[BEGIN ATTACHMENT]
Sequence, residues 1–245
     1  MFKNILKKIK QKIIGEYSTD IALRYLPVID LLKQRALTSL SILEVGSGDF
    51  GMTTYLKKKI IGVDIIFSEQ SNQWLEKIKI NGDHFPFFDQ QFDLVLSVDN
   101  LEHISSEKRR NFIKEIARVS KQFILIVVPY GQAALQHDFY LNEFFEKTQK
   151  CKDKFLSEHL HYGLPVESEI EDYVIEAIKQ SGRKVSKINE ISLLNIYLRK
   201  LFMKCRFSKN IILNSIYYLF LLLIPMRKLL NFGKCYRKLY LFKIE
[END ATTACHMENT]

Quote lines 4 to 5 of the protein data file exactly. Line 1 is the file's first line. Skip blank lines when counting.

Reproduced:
   101  LEHISSEKRR NFIKEIARVS KQFILIVVPY GQAALQHDFY LNEFFEKTQK
   151  CKDKFLSEHL HYGLPVESEI EDYVIEAIKQ SGRKVSKINE ISLLNIYLRK